As part of save the Sundarbans movement, protests were held on Saturday in Dhaka as well as USA, UK, Netherlands, Germany, Australia, Indonesia, India, Nepal, Germany, Norway, Finland, Italy, France, Canada and South Korea. The Civil Society members in Bangladesh and from across the globe were protesting the joint project of PDB (Bangladesh) and NTPC (India) for 1320 MW Rampal coal-fired power plant, urging all development works of coal plants near the Sundarbans to be stopped immediately. This proposed power plant is going to be built just 9km away from reserved sections of the forest. This, it is believed will have a devastating and irreversible adverse impact on the Sundarbans, its ecology and biodiversity.
Sundarbans is the world's largest mangrove forest in one patch and UNESCO's world heritage site. The 1320MW Rampal coal-fired power plant is to be built within 9km of the Sundarbans, home to thousands of members of indigenous communities as well as endangered species, including the Royal Bengal Tigers and Irawaddy dolphin. A recent census shows that the number of Royal Bengal Tiger is only 100 in Bangladesh part the Sundarbans though it was home to 440 tigers in 2004. The number of Sundari tree is also decreasing. Environmentalists say degradation of environment of this largest mangrove forest designated as the world heritage site for mankind is the principle cause of decline of its plant and animal species. According to sources, if the coal power plant is built, it will need 4.72 million tons of coal per year to operate the plant, those too to be imported mainly from Australia, South-Africa and Indonesia. The coal will have to be shipped 40 kilometers through the Pasur River, which flows through the Sundarbans.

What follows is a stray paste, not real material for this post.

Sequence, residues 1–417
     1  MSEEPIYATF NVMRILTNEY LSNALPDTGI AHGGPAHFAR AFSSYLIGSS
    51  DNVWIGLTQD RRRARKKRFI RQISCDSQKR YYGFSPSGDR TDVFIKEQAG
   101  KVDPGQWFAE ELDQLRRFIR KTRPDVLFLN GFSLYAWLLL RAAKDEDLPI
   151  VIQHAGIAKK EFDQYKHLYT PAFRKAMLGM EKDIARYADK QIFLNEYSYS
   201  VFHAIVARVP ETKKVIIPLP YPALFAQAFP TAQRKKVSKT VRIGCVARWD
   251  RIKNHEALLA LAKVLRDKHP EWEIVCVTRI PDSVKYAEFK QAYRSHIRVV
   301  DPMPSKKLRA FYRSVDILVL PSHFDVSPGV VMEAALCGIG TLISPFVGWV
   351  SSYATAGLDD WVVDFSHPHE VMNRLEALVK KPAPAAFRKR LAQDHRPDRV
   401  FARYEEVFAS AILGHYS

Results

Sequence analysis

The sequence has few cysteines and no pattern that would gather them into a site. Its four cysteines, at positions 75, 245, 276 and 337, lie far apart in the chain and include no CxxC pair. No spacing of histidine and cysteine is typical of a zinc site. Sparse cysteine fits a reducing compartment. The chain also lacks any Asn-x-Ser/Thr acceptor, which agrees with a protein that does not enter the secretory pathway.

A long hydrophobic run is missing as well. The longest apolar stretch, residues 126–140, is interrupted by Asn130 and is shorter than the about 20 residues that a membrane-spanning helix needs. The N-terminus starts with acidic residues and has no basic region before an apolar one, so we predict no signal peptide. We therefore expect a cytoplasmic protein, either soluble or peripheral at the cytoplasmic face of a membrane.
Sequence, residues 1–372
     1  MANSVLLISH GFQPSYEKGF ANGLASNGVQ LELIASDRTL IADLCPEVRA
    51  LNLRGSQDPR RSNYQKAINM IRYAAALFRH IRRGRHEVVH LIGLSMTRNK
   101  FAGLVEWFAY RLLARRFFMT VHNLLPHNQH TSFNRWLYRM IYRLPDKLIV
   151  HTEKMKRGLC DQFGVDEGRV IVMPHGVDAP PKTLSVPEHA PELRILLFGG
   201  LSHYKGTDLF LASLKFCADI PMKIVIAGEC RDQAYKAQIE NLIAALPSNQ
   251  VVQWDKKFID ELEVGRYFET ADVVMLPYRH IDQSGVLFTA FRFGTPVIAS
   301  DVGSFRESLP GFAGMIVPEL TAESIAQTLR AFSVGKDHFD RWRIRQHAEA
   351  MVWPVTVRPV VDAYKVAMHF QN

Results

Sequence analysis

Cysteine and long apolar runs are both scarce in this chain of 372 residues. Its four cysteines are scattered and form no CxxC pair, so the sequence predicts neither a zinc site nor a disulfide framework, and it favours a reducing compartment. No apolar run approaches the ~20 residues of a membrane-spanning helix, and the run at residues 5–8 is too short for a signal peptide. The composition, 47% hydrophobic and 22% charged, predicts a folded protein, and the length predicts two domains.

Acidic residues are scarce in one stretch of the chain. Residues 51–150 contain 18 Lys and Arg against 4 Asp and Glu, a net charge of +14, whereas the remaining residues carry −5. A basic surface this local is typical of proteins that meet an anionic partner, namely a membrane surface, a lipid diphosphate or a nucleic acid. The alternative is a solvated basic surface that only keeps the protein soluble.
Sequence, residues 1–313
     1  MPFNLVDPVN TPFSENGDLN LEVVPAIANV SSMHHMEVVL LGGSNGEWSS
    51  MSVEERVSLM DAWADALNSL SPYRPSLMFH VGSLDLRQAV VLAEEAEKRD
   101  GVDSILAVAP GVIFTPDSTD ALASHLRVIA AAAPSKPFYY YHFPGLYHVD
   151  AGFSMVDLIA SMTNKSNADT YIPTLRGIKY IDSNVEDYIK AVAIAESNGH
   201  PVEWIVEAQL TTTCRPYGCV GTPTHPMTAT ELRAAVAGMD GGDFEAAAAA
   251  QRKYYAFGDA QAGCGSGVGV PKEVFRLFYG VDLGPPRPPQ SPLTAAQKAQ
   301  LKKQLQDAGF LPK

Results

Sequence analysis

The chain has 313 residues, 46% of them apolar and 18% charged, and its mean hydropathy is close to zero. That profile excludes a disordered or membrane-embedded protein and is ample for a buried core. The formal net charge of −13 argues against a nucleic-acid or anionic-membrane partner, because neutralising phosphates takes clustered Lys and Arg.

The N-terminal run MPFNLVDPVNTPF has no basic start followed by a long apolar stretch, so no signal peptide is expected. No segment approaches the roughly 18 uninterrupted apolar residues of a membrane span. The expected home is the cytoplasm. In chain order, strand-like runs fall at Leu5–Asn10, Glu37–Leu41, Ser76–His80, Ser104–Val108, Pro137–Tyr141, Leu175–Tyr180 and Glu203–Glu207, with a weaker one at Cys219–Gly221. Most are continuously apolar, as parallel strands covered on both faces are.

Already there are massive impacts of environment pollution on the Sundarbans due to several incidents like oil spill following the capsize of oil tanker and coal-laden vessels in the Pasur River and the Shela River the recent past. Such incidents threaten the unique biodiversity and ecosystem of the Sundarbans. The greenhouse gas emitting Rampal project will also have harmful; impacts on livelihoods and health of million local people of the adjacent area. A country needs at least 25 percent of forest out of its total land area. But Bangladesh has 12 percent forests. Among these the Sundarbans covers the 50 percent of the green forests. If Sundarbans is destroyed the country's ecosystem will be threatened. Considering this UNESCO has recently asked Bangladesh to abandon the project. Knowledgeable people believe that there is reason for the government to evaluate all the requests, protests and demonstrations and rethink the Rampal Power plant. There are many alternatives like solar, wind and wave to generate power, but Sundarbans has no alternative.
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